For C,

  • Mondays: Math, spelling, applied grammar, reading, history, science, Manga, Latin, typing, and music practice
  • Tuesdays: Math, spelling, applied grammar, reading, science, geography, social studies, typing, and music practice
  • Wednesdays: Math, spelling, applied grammar, reading, history, science, Latin, typing, and music practice
  • Thursdays: Math, spelling, applied grammar, reading, science, geography, typing, and music practice
  • Fridays: Reading, science labs and activities, history projects, geography mapwork review, Latin, art, and music lesson

For S, Monday through Friday are the same: Reading, writing, and math.  She occasionally will sit in on some of the “Fun Friday” projects.

Daily:

Having two kids too young to homeschool, I started off separating the kids so that one of the older two was always available to keep an eye on the younger siblings.  So, I would homeschool C in the morning, N after lunch, and S whenever I could squeeze her in.  It worked well until the kids started getting older and their workloads started getting heavier.  It was getting to the point that I was spending 8+ hours a day teaching at the expense of housework, cooking, and quality time with family.

Over this past December, I did some thinking and decided to take a route similar to a fellow homeschooler and friend who has her homeschool set up like a one-room school house. Each morning, the girls get a list of independent work that they are expected to complete.  This includes things like assessments, worksheets, maps, reading, typing, music practice, educational videos, and the like.  While the girls are doing their independent work, I alternate between them, doing one-on-one teaching.  I combine their classes for history, science, social studies, geography, and art, with N (being older) doing some supplemental work on those subjects for her independent work time.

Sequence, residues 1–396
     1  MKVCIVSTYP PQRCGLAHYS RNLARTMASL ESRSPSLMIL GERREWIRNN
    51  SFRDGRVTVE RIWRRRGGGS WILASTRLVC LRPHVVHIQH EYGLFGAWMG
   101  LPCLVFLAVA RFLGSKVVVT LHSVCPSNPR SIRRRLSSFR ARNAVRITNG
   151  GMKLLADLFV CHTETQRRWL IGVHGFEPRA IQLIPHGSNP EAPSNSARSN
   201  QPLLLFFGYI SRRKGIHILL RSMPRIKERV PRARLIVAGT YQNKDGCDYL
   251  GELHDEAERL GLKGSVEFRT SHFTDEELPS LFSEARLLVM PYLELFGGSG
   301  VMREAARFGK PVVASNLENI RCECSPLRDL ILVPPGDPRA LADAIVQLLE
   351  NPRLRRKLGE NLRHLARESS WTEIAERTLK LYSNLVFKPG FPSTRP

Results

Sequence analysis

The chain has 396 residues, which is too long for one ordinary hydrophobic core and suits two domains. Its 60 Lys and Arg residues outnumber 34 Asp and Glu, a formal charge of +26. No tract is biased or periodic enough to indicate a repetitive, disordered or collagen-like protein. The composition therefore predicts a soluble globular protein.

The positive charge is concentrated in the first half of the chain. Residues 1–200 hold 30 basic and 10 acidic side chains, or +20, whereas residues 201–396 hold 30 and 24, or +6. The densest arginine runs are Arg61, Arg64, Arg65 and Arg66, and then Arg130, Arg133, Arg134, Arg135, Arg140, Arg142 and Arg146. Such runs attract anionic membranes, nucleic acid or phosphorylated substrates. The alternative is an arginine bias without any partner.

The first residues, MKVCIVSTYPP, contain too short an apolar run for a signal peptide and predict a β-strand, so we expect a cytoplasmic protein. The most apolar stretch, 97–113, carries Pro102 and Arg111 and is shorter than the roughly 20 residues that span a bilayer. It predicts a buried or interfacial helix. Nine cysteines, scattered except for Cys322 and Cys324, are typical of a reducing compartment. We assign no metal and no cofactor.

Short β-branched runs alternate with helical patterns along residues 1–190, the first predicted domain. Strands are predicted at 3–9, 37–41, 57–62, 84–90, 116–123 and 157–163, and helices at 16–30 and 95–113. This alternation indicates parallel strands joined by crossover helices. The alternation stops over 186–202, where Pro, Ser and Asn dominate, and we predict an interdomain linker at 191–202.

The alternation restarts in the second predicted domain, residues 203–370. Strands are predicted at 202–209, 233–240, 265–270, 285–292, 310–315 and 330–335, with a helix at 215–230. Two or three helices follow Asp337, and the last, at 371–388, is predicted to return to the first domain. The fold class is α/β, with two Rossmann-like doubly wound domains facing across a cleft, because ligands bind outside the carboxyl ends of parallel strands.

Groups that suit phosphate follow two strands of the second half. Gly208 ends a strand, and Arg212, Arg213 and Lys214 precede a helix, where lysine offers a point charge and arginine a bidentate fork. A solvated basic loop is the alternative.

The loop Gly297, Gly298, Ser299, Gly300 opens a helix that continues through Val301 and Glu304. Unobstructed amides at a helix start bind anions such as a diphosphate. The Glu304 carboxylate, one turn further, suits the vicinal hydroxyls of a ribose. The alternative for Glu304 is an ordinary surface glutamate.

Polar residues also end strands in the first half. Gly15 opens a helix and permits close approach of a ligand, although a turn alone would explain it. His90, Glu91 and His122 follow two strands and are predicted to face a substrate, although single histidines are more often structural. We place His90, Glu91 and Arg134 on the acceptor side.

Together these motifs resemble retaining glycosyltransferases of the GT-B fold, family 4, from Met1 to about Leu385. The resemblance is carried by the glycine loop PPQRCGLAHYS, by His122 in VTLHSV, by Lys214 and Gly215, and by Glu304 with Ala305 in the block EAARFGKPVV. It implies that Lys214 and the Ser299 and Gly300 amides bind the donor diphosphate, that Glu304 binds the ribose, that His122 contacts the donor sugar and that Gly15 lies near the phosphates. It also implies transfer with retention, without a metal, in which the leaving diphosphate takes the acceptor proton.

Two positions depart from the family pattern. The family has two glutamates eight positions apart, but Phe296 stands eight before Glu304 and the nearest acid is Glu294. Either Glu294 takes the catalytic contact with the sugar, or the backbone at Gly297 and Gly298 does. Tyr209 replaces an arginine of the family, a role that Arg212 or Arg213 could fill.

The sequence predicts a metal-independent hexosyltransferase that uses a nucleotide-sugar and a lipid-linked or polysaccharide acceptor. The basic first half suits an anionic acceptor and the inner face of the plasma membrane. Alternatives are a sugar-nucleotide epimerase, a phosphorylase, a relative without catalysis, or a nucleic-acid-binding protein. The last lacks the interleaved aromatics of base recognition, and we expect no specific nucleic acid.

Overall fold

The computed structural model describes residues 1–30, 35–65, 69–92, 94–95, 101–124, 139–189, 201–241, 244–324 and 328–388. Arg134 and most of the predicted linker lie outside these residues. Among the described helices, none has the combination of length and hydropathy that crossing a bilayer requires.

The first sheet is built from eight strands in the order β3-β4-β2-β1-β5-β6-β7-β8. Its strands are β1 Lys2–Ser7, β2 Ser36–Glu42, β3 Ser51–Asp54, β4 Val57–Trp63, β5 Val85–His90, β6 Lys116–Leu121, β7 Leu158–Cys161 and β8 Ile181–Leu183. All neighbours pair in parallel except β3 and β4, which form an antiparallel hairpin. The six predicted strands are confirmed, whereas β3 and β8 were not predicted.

S can independently do her Reading Eggs lesson, read B.O.B. books to other people, and do her handwriting lesson.  I work one-on-one with her doing math and using flashcards for review either while the older two are doing their independent work or after they have finished for the day.

So far, this schedule is working well.  It requires a little more prep time from me in the evenings (writing up independent work lists, gathering and printing necessary materials, etc.), but the time I save by finishing school early is worth the extra prep time. And I like to see them learning to be independent in their studies.

The youngest three are confined to a certain area of the house where I can see and/or hear them while I’m teaching, so they get the supervision they need and I’m still able to teach.

First Things First

Let me start off by saying that I use the Classical style of homeschooling, with a bit of Charlotte Mason thrown in.  That means I follow the Trivium, which is three basic stages of learning development:

  1. The Grammar Stage (K-4th grade): After setting a solid base in reading, writing, and math, I throw everything and the kitchen sink at the kids.  Their minds are basically sponges at this stage, so I provide them with as much information as possible in as many different formats as possible.
  2. The Logic Stage (5th-8th grade): The kids begin to connect all the facts that they have learned during the Grammar Stage and discover the relationships between them.
  3. The Rhetoric Stage (9th-12th grade): The kids learn to express themselves with fluency, grace, elegance, and persuasiveness.

I currently have two in the Grammar Stage and one just starting the Logic Stage.

Secondly, let me tell you about the curriculum I’m using.  I use The Well-Trained Mind as a guidebook for curriculum and methodology, because I agree with the educational philosophy it lays out.

N is 11 and would be a fifth-grader in a brick-and-mortar school.  Her curriculum follows:

C is 9 and would be a third-grader in a brick-and-mortar school.  Her curriculum follows:

S is 6 and would be a Kindergartener in a brick-and-mortar school.  Her curriculum follows:

The kids also have accounts at http://DIY.org, which is sort of like Boy Scouts/Girl Scouts without the meetings or politics.  It gives them opportunities to do projects that are of interest to them and to earn badges in the process.

The next post will tell about my daily, weekly, and yearly schedules, which continue to be tweaked even after six years of homeschooling.